Tomlinson will need more than luck
The Gleaner editorial of December 11, 2015 wished luck on human-rights lawyer Maurice Tomlinson's constitutional challenge to Jamaica's buggery law. The editorial went on to treat the objection to homosexual acts as informed primarily, if not exclusively, by an appeal to religious texts. This view from whomever wrote that editorial is almost unpardonably myopic and ignorant of the legal literature. I explain.
John Mitchell Finnis is an Australian legal scholar and philosopher specialising in the philosophy of law. In his essay, 'Law, Morality and Sexual Orientation', he cogently shows that it is very possible to argue against homosexual acts without appealing to any religious texts.
In the opening section of this fascinating essay (available online), Finnis sums up his position on homosexual activity, which is counter to Mr Tomlinson's (and The Gleaner's editorial] and goes on to say that his position "involves a number of explicit or implicit judgments about the proper role of law and the compelling interests of political communities, and about the evil of homosexual conduct.
"Can these be defended by reflective, critical, publicly intelligible and rational arguments? I believe they can. The judgment that it is morally wrong need not be a manifestation either of mere hostility to a hated minority, or of purely religious, theological, and sectarian belief." (my emphasis).
Finnis continues, "Let me begin by noticing a too-little-noticed fact. All three of the greatest Greek philosophers, Socrates, Plato and Aristotle, regarded homosexual conduct as intrinsically shameful, immoral, and indeed depraved or depraving. That is to say, all three rejected the linchpin of modern 'gay' ideology and lifestyle. Socrates is port-rayed by Plato (and by Xenophon) as having strong homosexual (as well as heterosexual) inclinations or interest, and as promoting an ideal of homosexual romance between men and youths, but, at the same time, as utterly rejecting homosexual conduct."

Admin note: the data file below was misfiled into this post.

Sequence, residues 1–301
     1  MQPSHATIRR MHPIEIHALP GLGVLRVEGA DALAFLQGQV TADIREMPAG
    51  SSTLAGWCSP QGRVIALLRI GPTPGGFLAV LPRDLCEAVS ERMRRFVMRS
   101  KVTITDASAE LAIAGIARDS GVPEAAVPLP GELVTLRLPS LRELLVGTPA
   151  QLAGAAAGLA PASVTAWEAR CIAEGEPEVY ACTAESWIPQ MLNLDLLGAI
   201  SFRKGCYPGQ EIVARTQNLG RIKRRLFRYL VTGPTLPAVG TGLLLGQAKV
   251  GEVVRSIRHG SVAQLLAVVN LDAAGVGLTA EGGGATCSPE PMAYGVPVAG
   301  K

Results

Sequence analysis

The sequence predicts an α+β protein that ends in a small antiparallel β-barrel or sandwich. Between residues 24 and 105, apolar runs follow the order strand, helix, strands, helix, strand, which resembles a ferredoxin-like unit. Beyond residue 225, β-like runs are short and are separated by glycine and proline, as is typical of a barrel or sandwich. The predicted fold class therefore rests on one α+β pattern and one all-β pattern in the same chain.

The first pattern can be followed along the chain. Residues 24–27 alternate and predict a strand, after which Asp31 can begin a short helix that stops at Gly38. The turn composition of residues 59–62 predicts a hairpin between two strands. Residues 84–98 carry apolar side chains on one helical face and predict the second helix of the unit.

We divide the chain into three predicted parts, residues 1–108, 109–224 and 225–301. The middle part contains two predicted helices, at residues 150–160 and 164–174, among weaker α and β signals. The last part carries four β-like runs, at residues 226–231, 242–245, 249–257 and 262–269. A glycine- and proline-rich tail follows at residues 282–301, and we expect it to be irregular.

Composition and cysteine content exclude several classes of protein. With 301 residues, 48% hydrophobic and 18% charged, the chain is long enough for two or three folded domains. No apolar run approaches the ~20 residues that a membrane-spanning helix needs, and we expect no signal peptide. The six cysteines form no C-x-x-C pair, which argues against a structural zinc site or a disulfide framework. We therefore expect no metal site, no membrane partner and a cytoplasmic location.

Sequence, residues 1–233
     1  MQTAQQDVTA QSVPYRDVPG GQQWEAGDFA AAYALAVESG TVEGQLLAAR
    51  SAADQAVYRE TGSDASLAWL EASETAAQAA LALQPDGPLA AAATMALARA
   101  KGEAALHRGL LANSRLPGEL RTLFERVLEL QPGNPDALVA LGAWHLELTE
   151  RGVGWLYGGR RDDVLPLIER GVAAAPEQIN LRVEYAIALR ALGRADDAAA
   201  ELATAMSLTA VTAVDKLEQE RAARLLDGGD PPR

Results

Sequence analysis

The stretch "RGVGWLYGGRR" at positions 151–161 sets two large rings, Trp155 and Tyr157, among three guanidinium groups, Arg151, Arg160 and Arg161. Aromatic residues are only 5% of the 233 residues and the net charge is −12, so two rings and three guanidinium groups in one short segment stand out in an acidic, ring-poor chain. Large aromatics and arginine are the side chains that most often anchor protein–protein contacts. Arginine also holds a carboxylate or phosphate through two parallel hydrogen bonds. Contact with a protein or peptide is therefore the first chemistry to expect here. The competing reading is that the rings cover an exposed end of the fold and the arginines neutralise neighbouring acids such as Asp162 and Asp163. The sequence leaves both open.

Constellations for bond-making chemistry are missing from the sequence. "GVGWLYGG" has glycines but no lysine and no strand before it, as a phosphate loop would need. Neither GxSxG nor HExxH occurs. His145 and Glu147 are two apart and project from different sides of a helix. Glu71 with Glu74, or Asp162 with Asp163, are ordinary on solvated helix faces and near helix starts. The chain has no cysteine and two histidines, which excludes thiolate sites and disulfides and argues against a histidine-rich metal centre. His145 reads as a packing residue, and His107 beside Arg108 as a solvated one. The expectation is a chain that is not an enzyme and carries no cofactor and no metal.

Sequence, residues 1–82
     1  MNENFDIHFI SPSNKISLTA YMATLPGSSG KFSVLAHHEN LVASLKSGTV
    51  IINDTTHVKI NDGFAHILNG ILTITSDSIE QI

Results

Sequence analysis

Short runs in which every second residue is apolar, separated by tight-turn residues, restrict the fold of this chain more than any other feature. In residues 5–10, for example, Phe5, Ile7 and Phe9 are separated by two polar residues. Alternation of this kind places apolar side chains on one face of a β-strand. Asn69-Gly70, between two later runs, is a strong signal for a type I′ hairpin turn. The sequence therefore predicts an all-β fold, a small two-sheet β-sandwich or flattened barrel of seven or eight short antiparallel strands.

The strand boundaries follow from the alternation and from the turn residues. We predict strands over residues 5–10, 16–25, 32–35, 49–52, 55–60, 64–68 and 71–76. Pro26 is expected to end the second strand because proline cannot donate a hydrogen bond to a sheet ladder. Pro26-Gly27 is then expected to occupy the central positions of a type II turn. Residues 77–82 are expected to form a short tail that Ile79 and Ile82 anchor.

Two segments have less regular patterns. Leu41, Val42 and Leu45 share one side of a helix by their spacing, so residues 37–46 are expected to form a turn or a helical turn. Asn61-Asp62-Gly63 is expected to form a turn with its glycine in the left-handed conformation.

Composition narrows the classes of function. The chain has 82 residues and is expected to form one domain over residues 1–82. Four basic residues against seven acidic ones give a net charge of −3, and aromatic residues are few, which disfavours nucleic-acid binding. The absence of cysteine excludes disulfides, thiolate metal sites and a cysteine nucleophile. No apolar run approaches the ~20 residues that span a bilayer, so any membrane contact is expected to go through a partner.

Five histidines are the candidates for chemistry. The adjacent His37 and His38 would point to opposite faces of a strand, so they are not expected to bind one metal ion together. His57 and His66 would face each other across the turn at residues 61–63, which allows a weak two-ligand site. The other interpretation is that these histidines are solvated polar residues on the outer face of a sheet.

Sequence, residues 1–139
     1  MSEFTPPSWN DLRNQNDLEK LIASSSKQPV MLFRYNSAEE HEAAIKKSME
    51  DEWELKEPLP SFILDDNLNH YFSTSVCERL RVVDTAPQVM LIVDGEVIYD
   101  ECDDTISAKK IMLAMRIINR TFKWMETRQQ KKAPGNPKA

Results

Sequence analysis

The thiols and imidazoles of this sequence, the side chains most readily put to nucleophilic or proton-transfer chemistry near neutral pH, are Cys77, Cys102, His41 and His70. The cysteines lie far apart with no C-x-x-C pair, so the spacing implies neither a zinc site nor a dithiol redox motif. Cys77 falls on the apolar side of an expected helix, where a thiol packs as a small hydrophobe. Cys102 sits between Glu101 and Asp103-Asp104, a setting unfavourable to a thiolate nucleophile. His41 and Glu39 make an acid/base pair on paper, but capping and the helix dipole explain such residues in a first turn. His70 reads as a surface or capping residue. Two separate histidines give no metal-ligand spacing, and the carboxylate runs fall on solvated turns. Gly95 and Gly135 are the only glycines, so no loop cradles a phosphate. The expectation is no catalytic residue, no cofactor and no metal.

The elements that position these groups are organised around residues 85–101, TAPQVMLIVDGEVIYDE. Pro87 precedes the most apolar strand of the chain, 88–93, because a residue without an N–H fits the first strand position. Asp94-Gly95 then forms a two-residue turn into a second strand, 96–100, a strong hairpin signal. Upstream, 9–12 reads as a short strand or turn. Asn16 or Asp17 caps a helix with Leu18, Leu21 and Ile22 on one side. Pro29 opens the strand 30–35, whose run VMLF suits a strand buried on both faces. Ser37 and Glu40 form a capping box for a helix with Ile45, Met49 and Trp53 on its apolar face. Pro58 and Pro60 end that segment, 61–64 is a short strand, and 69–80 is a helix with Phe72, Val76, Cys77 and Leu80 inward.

Contrary to nature
Finnis draws support for his reading of the Greek philosophers from the likes of the late pre-eminent Socratic scholar Gregory Vlastos and Sir Kenneth Dover, late distinguished Classical scholar, I think, precisely because they are, legally speaking, hostile witnesses in that neither agreed with the views of the great Greek philosophers on homosexuality.
Going on, Finnis argues, "Plato saw anal intercourse as 'contrary to nature', a degradation not only of man's humanity, but even of his animality ... a type of act far more serious than any mere going 'contrary to the rules'. As for Aristotle, there is widespread scholarly agreement that he rejected homosexual conduct. In fact, such conduct is frequently represented by Aristotle (in some cases, directly, and in other cases, by a lecturer's hint) as intrinsically perverse, shameful and harmful both to the individuals involved and to society itself.
"Although the ideology of homosexual love (with its accompanying devaluation of women) continued to have philosophical defenders down to the end of classical Greek civilisation, there equally continued to be influential philosophical writers, wholly untouched by Judaeo-Christian tradition, who taught that homosexual conduct is not only intrinsically shameful but also inconsistent with a proper recognition of the equality of women with men in intrinsic worth.
"(The ancients did not fail to note that Socrates' homoerotic orientation, for all its admirable chastity - abstention from homosexual conduct - went along with a neglect to treat his wife as an equal.) A good example of such late classical writing is Plutarch's Erotikos (Dialogue on Love) ... written probably some time in the early second century, but certainly free from Judaeo-Christian influence.
"Another example is the Stoic Musonius Rufus (who taught at Rome c.80 AD and again was not influenced by Jewish or Christian thought). He rejects all homosexual conduct as shameful. Sexual conduct is decent and acceptable only within marriage."
All of the above quotations from Finnis is just from the first five pages of his stimulating essay. I recommend it highly to all educated Christians, lawyers especially, and other thinkers in our society.
Mr Tomlinson will need much more than luck if his constitutional challenge is to pass philosophico-legal muster.